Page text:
At the high school or middle school, it might mean that the main character of a novel is homosexual, and has a same-gender love interest. This may feel uncomfortable to you at first, but consider something that a high school student brought to my attention: Is the depiction of a homosexual relationship any more innappropriate than the depiction of a heterosexual relationship? If we are comfortable having students reading about heterosexual romances and relationships, then we need to be comfortable having students reading about homosexual romances and relationships, on the same level of age-appropriateness. Our LGBTQ+ students have crushes, date, and have relationships just as their non-LGBTQ+ classmates do, and deserve to see their experiences reflected.
Language is continually evolving and old habits are hard to break, but being intentional about our language choices can be a clear signal to students that they belong. At the elementary level, traditional practices of organizing students by “boys” and “girls” assumes two genders and can be exclusionary for any child that is wondering about their gender identity (yes, it often starts in elementary school). Instead, consider other ways for organizing and addressing students in your classroom that are not assigned to gender (table group, birth month, pet ownership, etc., or calling them students, friends, etc.). Also, consider intentionality around classroom activities that make a big deal out of Mother’s Day or Father’s Day. Classroom activities and celebrations centered around these days presumes the traditional nuclear family as the normal family, and anything else (gay family, single parent, foster parent, raised by grandparent, etc.) as not normal and not belonging. Students are always learning from the activities that we have them do, so make sure we are intentional about what that is -- be careful that they are not learning an unintended lesson that says, “Your family structure is not normal and does not belong here.”
At the middle and high school level, students often begin or are in different stages of the coming out process, as they discover where their romantic and relationship interests are found. According to GLSEN, “coming out is a means to publicly declare one’s identity, whether to a person in private or a group of people.” It is important to note that because we live in a heteronormative, cisgender-normative society, coming out only applies to people who are declaring anything other than being heterosexual and a gender other than their sex assigned at birth. In middle and high school, if a student comes out to you, this should be taken as a gift. That student has chosen to share something personal with you and it means that they trust and respect you enough to do so. GLSEN offers a few things to consider if a student comes out to you:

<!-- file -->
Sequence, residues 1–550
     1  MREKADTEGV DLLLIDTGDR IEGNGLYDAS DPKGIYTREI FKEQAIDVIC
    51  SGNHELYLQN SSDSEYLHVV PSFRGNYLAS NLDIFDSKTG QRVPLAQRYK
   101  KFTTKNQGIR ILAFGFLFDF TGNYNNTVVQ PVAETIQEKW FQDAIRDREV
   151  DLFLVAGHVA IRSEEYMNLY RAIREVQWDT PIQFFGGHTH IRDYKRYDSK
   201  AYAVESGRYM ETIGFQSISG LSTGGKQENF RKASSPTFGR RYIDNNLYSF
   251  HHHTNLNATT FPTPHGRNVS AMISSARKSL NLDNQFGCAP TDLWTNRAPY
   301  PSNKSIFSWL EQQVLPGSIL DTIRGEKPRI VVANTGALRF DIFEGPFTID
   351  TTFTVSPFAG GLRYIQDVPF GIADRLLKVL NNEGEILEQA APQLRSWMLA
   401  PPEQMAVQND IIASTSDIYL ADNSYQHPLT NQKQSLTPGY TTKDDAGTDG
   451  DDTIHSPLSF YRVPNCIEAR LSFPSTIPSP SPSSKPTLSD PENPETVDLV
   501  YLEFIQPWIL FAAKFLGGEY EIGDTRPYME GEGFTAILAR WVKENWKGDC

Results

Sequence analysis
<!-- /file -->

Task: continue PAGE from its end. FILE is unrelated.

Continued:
- Offer support, but don’t assume the student needs help. Many students are completely comfortable with their sexual orentation or gender identity.
- Be a role model of acceptance.
- Listen, listen, listen -- The coming out process is a long process. The student is likely to come back to you multiple times during this process to discuss challenges and joys of being out in school.
- Assure and respect confidentiality -- The student may have come out to you, but may not yet be out with their peers or other teachers. Coming out is a personal process and the timing of that process is at the discretion of the LGBTQ+ person.
- Ask questions that demonstrate understanding, acceptance, and compassion: Have you been able to tell anyone else? Do you feel safe in school? Are you supported by adults in your life? Do you need help of any kind?
- Remember that the student has not changed -- They are still the same person that they were before they gave you this information, you just know a little more about them. Let the student know this.
Names and Pronouns